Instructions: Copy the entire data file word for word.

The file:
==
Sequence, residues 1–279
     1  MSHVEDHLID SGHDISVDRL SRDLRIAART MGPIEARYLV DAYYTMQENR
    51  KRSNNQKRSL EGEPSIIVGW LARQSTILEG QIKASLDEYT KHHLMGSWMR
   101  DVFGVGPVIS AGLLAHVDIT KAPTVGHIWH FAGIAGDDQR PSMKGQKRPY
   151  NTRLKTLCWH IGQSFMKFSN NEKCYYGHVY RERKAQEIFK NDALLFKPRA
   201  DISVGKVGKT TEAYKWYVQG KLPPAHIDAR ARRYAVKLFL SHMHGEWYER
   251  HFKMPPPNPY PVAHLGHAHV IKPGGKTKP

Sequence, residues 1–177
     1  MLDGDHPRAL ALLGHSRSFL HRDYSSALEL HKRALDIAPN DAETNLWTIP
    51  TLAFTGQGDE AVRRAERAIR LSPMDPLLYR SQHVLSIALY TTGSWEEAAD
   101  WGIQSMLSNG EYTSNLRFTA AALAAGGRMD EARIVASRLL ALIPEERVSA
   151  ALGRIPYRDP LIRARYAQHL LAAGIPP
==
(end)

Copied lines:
Sequence, residues 1–279
     1  MSHVEDHLID SGHDISVDRL SRDLRIAART MGPIEARYLV DAYYTMQENR
    51  KRSNNQKRSL EGEPSIIVGW LARQSTILEG QIKASLDEYT KHHLMGSWMR
   101  DVFGVGPVIS AGLLAHVDIT KAPTVGHIWH FAGIAGDDQR PSMKGQKRPY
   151  NTRLKTLCWH IGQSFMKFSN NEKCYYGHVY RERKAQEIFK NDALLFKPRA
   201  DISVGKVGKT TEAYKWYVQG KLPPAHIDAR ARRYAVKLFL SHMHGEWYER
   251  HFKMPPPNPY PVAHLGHAHV IKPGGKTKP

Sequence, residues 1–177
     1  MLDGDHPRAL ALLGHSRSFL HRDYSSALEL HKRALDIAPN DAETNLWTIP
    51  TLAFTGQGDE AVRRAERAIR LSPMDPLLYR SQHVLSIALY TTGSWEEAAD
   101  WGIQSMLSNG EYTSNLRFTA AALAAGGRMD EARIVASRLL ALIPEERVSA
   151  ALGRIPYRDP LIRARYAQHL LAAGIPP